WWRP Tropical Meteorology Research





TMR aims to coordinate and advance the research of tropical cyclones, monsoon systems and intra-seasonal tropical variability to improve the prediction of high-impact weather in the tropics (which originates in the tropics, but its impact does not limit to the tropics). TMR works with the joint WWRP/WCRP Monsoons Office in India on Monsoon matters. TMR has a particular remit to work with developing and least developed countries and regions and small island developing states (SIDS), places that are often adversely affected by tropical weather hazards.

  • TMR should promote research related to tropical meteorology of the WWRP projects such as better tropical cyclones forecasting including probabilistic forecasts, better understanding of monsoon systems, its forecasts, and impacts.
  • TMR should promote research on severe weather events over the tropics such as heavy precipitation associated with weather systems on a short to sub-seasonal time scale.
  • TMR should work closely with the International Monsoons Project Office (IMPO) to promote global monsoon research.

Working Group Members


  • Co-Chair: Zhuo WANG, University of Illinois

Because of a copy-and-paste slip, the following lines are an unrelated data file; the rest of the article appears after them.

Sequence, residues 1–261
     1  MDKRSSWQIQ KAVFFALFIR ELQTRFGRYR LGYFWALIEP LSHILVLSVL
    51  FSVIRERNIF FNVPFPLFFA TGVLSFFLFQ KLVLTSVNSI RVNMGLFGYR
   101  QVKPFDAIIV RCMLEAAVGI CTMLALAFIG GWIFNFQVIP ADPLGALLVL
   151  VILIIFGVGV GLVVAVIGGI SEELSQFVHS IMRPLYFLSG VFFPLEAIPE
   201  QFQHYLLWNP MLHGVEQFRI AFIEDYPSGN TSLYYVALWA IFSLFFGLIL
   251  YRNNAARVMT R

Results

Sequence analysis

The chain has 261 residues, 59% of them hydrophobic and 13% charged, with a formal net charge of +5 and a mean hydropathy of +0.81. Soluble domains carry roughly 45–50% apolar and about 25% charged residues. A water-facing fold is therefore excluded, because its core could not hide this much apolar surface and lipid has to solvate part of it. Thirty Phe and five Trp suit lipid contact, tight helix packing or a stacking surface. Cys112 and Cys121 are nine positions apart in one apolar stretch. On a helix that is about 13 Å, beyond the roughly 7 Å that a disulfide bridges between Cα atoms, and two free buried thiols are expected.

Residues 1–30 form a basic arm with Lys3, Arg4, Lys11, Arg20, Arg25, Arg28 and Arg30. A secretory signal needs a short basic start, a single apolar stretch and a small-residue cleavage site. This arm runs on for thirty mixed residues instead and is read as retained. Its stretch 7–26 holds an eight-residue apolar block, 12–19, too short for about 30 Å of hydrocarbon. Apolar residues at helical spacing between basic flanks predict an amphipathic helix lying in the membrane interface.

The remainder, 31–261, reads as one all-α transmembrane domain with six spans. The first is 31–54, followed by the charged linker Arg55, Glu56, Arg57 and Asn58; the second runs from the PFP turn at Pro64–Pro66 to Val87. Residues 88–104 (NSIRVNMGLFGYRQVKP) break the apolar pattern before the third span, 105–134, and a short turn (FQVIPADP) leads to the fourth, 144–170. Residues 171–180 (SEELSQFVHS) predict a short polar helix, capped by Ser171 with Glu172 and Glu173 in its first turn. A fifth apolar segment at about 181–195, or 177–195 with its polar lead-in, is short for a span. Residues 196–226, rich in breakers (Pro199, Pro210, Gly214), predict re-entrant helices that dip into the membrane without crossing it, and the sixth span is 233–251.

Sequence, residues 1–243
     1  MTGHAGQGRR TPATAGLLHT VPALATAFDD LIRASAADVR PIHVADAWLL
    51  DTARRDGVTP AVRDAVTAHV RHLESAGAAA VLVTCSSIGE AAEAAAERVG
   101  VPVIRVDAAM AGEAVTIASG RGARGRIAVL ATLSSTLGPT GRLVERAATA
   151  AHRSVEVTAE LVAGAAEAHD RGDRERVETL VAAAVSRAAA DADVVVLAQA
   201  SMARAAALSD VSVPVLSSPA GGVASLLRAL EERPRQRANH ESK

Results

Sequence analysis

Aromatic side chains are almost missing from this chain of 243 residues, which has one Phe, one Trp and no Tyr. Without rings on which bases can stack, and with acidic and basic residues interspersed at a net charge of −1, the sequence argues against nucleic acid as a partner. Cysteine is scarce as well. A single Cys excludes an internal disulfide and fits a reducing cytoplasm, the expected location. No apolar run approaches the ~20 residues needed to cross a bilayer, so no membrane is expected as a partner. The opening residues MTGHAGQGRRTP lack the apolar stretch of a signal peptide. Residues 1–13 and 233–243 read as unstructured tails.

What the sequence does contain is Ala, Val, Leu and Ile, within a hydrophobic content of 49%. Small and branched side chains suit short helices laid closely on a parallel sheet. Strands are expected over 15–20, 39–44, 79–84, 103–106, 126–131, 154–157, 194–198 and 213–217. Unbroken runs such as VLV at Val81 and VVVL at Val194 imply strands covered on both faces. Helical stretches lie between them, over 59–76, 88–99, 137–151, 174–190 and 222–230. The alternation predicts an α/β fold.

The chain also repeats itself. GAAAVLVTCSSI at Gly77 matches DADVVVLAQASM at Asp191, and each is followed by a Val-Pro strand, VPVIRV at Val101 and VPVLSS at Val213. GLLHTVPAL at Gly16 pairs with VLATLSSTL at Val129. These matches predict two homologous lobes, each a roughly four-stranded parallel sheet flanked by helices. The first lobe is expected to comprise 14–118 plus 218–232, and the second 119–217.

• Co-Chair: Hui YU, Shanghai Typhoon Institute
  • Jason DUNION, NOAA
  • Elizabeth Ritchie-Tyo, UNSW Canberra
  • Joanne CAMP, Bureau of Meteorology
  • Michelle Simões REBOITA, Universidade Federal de Itajubá
  • Parthasarathi MUKHOPADHYAY, IITM
  • Juliane SCHWENDIKE, University of Leeds
  • Hatsuki FUJINAMI, Nagoya University

Past International Workshops on Tropical Cyclones


Recent Publications


  • A BAMS article, “Monsoons Climate Change Assessment” 
  • A new book, "The Multiscale Global Monsoon System”, is the 4th and most up-to-date edition of the global monsoon book series produced by a group of leading international experts invited by the World Meteorological Organization’s Working Group on Tropical Meteorology Research (WGTMR). The contents reflect the state of the knowledge of all scales of monsoon in the world’s monsoon regions. It includes 31 chapters in five parts: Regional Monsoons, Extreme Weather, Intraseasonal Variations, Climate Change, and Field Experiments.